Deer Hunting: Getting Started

Published on: Oct. 23, 2013

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ground, throughout the hunt, and when you descend to the ground. Once in your stand, you will also need a haul line to raise and lower your gear including unloaded firearms, bows, and arrows. Safety, when hunting out of a tree stand, cannot be overstressed.

Walk into any store that sells deer-hunting gear, and you will face an array of scents and calls designed to attract deer. While they do work, it’s important to remember that these products will never replace proper stand placement, woodsmanship, and patience.

If you kill a deer, you need a quality knife to remove the internal organs. The knife should be stout and made of steel that will hold an edge. Both fixed bladed or models with a locking blade work well. Blade length of 4 to 5 inches long is all you need. Longer blades just get in the way. Rubber gloves to keep blood off your hands is a good idea. A small hatchet also comes in handy to cut through the pelvic bone.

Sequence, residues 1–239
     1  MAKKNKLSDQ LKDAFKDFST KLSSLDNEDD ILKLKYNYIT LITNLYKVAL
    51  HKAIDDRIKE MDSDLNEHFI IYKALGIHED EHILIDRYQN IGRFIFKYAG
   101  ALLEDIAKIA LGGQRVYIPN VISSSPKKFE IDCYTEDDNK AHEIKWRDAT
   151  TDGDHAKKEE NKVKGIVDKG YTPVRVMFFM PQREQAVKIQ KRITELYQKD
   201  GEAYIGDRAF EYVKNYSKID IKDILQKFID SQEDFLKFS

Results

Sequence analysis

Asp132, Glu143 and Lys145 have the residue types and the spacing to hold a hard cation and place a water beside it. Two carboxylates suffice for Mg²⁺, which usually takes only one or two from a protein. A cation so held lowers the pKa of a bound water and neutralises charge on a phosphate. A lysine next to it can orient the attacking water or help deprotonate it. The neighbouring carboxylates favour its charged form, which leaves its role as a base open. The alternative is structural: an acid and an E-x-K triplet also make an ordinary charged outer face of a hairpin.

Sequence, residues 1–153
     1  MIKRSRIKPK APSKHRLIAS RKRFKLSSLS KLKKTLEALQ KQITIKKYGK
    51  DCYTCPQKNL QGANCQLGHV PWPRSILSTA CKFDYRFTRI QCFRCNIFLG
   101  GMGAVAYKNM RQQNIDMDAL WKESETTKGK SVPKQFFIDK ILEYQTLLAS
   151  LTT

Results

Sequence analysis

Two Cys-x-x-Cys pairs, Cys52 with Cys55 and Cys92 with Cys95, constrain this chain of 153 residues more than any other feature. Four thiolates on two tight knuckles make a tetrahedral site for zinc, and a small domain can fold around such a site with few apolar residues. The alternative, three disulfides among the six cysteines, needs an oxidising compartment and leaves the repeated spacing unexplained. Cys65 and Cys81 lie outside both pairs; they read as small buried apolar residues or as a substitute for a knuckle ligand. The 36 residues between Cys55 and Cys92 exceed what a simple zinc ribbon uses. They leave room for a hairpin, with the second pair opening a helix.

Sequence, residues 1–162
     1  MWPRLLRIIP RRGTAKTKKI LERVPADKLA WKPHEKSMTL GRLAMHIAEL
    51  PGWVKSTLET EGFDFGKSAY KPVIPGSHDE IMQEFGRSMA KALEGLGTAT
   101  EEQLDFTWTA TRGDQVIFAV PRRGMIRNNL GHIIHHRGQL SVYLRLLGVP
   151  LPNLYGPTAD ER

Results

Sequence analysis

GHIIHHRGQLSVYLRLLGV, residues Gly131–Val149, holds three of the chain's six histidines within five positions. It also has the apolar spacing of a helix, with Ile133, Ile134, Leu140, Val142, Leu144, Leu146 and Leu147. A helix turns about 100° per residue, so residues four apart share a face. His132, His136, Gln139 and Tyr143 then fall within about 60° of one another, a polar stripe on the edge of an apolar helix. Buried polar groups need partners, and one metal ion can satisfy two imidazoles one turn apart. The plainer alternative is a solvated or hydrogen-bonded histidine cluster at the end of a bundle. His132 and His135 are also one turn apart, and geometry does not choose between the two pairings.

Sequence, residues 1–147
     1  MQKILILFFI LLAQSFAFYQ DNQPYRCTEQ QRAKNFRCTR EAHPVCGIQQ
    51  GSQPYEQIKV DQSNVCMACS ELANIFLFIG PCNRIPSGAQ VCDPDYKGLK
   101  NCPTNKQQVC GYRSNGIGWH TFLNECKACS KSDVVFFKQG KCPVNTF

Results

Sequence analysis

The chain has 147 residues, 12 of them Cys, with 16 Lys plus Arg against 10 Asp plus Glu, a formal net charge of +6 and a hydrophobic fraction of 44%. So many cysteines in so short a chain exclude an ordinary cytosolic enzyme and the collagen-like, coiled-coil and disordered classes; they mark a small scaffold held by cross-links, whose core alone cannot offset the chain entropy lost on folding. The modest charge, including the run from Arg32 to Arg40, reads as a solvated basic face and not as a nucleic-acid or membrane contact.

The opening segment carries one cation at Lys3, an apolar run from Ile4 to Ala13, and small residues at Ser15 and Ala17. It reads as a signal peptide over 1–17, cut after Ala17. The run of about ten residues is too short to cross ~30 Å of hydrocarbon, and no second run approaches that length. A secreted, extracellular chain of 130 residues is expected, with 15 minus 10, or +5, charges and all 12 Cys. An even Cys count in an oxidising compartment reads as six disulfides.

Find Your Hunting Spot

Having a great place to hunt is the most important key to consistent deer-hunting success. What makes a great deer-hunting spot? Two things: a healthy deer population and limited hunting pressure. White-tailed deer, if pressured by hunters, change their habits and become very difficult to hunt. Many of the best deer-hunting spots are privately owned by landowners who limit hunting. The very best spots are those where you are the only deer hunter allowed. How can you connect with such a hunting area?

If money is no issue, you can buy one. For most deer hunters, however, this is not an option. The easiest way to gain access to a prime deer-hunting spot is if you have friends or relatives who have land that supports a healthy deer population. They know you and will more likely give permission. Asking landowners you don’t know for permission to hunt deer is tougher, particularly if they are landowners who limit deer hunting. It helps if you have a friend who knows a landowner. The friend, then, can serve as a character reference. Sometimes, it’s best to first ask permission to squirrel hunt. If you receive permission, then, over time, the landowner has an opportunity to know you, which may result in your receiving permission to deer hunt. Any way it goes, when seeking permission to deer hunt on

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